In Conversation with Nadia Boujarwah of Dia&Co

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Describe your business in a few words?

Dia&Co is the only fashion and lifestyle brand dedicated to celebrating the plus size experience and meeting the plus size community’s full range of style needs.  We remove obstacles to shopping with on-trend collections, and incredible fit. No two women are the same, so we offer two ways to shop – through the Dia Shop or the Dia Style Box service.  We’ve built a community of 5 million + women strong and are serving and celebrating women who have been ignored for far too long. From developing the shopping experiences she’s always wanted, to building community platforms that inspire her, to ensuring she sees herself represented in the world around her.

What made you take the leap to start your own business?

I’ve always loved fashion, but struggled to find clothes that fit my body and worked with my personal style. I’ve been everything from a size 8 to a size 22 and I couldn’t help but notice, no matter my size, that there was nothing for me. I had the realization that these experiences were not at all unique. In fact, they were experiences that I actually shared with tens of millions of women. That realization inspired me to create a solution — and Dia was born –as a way for women just like me to embrace their individuality.

What was your background prior to starting your own business?

My professional background is actually in investment banking – I didn’t have a career in tech or in retail. But I love fashion and I live in a body that fashion doesn’t always serve, and that was a set of experiences I knew intimately. It grew out of a personal need and now, Dia & Co is a place where everyone can explore all the incredible things that style can really do.

Did you always know you wanted to be an entrepreneur?

I didn’t set out in my career with the intent of being an entrepreneur. I’m passionate about the space and solving the problem for this customer. That passion and my desire to create an inclusive company, community, and experience, has driven my career as an entrepreneur.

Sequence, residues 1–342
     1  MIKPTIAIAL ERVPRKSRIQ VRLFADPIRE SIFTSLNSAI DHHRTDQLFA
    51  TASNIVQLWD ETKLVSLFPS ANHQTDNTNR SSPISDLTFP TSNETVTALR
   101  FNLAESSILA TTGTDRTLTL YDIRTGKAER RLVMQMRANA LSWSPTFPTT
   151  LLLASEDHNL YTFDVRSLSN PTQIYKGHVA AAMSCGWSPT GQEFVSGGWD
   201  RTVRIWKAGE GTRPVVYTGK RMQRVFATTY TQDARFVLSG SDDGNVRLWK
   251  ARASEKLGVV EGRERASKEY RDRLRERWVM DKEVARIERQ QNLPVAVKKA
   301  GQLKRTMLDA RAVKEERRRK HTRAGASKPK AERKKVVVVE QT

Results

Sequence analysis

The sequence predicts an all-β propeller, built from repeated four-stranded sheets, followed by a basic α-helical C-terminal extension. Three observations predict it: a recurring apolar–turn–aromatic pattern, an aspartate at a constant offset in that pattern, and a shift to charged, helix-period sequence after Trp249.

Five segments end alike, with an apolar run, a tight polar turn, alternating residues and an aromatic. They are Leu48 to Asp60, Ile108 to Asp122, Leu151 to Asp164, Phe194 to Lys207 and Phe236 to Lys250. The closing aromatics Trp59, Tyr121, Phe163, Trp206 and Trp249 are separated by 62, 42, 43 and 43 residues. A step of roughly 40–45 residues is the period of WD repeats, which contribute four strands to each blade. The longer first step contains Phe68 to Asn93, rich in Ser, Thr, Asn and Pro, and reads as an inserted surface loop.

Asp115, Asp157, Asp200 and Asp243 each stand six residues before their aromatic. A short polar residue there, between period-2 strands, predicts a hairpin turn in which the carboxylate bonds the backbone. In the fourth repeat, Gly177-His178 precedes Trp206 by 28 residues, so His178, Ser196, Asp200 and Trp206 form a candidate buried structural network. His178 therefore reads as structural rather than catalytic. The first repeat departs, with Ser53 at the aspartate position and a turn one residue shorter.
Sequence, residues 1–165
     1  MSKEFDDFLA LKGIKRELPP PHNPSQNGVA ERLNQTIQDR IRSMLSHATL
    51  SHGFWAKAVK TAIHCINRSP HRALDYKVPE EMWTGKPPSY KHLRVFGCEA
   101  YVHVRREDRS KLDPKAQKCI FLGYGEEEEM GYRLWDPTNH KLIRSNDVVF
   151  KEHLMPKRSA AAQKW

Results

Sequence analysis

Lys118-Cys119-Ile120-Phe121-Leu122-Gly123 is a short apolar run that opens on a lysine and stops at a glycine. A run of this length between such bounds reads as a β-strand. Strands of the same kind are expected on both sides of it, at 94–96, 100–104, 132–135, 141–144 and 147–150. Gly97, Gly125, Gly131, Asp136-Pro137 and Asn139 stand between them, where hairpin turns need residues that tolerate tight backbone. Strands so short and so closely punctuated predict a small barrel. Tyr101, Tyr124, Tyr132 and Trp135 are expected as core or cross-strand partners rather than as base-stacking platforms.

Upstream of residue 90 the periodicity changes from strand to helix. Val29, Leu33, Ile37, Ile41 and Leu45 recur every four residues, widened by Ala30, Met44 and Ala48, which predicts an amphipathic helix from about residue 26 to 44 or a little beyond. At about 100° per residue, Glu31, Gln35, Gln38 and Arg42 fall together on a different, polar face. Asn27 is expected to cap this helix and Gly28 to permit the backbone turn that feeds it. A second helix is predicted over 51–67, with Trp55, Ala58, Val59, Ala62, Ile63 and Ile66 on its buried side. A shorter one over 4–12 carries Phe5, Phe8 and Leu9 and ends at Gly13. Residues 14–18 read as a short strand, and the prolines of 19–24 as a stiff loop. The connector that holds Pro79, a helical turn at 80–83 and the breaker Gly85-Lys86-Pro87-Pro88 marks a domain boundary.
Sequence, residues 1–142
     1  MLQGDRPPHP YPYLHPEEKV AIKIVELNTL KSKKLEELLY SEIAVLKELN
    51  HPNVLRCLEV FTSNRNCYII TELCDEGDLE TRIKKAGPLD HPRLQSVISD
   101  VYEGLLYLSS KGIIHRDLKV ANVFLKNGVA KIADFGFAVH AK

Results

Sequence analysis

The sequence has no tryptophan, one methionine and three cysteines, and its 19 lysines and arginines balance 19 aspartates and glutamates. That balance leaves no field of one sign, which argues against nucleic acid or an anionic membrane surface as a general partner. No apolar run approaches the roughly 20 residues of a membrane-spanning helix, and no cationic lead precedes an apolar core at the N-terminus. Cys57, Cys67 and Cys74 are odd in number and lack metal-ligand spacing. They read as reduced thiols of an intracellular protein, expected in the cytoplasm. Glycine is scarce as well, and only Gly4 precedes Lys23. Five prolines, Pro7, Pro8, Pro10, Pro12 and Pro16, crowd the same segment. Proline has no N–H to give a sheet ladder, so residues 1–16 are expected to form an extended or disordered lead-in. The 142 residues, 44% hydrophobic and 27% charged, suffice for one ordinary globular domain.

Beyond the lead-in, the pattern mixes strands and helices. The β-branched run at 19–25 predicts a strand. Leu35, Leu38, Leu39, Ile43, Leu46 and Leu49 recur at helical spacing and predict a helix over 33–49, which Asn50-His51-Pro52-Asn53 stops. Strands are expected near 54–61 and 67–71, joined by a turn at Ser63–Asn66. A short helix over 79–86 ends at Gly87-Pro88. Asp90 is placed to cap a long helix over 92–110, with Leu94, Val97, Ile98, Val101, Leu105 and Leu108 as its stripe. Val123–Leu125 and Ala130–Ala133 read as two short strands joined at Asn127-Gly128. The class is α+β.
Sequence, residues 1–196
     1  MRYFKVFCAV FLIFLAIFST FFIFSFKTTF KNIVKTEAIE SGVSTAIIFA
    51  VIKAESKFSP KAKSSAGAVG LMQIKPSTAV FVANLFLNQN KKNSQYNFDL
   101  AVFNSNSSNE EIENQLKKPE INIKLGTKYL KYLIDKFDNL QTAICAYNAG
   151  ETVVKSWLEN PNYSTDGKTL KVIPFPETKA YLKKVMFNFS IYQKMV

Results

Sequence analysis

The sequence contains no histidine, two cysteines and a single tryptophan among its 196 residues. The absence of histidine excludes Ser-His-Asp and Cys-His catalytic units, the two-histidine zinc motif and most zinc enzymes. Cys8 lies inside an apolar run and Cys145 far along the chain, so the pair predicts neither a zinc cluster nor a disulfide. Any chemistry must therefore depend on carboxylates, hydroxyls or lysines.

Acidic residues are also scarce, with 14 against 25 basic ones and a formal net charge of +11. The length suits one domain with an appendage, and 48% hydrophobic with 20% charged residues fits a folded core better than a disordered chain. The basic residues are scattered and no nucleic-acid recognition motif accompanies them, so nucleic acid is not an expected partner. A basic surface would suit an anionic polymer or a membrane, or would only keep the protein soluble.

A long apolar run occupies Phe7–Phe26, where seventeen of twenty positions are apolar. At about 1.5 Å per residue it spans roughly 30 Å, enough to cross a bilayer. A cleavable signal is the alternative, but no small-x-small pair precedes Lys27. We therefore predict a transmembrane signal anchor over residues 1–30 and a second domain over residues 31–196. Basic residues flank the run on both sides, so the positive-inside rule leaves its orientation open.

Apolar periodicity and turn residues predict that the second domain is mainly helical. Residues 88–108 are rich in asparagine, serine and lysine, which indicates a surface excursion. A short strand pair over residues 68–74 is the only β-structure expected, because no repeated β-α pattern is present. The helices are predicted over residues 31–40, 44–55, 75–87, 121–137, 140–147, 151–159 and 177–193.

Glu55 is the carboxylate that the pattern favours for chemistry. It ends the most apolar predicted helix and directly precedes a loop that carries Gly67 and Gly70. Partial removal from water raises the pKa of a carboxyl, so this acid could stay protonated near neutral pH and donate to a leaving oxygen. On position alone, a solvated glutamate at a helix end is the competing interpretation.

Take us back to when you first launched your business, what was your marketing strategy to get the word out and did it go as planned?

When we launched our business in 2015 it was clear that there was an incredible group of women leading the charge on a more inclusive conversation online. These were women who were still writing blog posts, long form YouTube videos and just beginning to take off on Instagram. We owe all our early traction to these influencers who believed in our business and helped us spread the word.

We always learn the most from our mistakes, share a time with us that you made a mistake or had a challenging time in business and what you learned from it?

We have made so many mistakes! I think we came into building Dia too focused on getting things just right, when the reality is that building a business is hard and almost never linear. Learning how to move quickly through potential solutions and past mistakes has been the biggest lesson of being an entrepreneur.

What is the biggest lesson you have learned in 2020?

Be clear about what you can control and what you can’t. Then focus only on what you can.

What do you know now that you wish you knew when you were first starting your business?

There is no one right way to build a business. It’s really a process of learning as you go, so spend less time trying to arrive at the best possible answer and more time experimenting and following your gut!

Do you believe in work/life balance? What are some of your best tips?

Absolutely. Our mission at Dia is to spark style freedom through a life well-lived and I apply that to my own life every day. My family, friends and team.

What are your top 3 tips to stay productive each day?

  • Have a plan. I start my day with objectives that I know I need to complete each day. Making sure I know what is most important has helped me get the important things done even when the inevitable distractions begin.
  • Don’t spend all day in your inbox. I try to block off windows of time throughout the day to answer email and then don’t look at it in between. Email is one of those things that can take up as much time as you let is, and rarely requires immediate attention.
  • Block off unstructured time on your calendar. I have specific blocks called “Thinking Time” We never miss a meeting, why not protect creative thinking time just as much?

What does being an Entreprenista mean to you?

I think women are uniquely suited to being entrepreneurs. I say that because success in entrepreneurship is dependent on one thing above all else: resilience. It is really an exercise in getting up time and again when it seems like that race has already been called and to keep going. Fortunately, resilience is precisely our super power as a gender. We’ve always known that we have to work harder and expect fewer advantages than our male counterparts. We’ve been training for this our whole lives!

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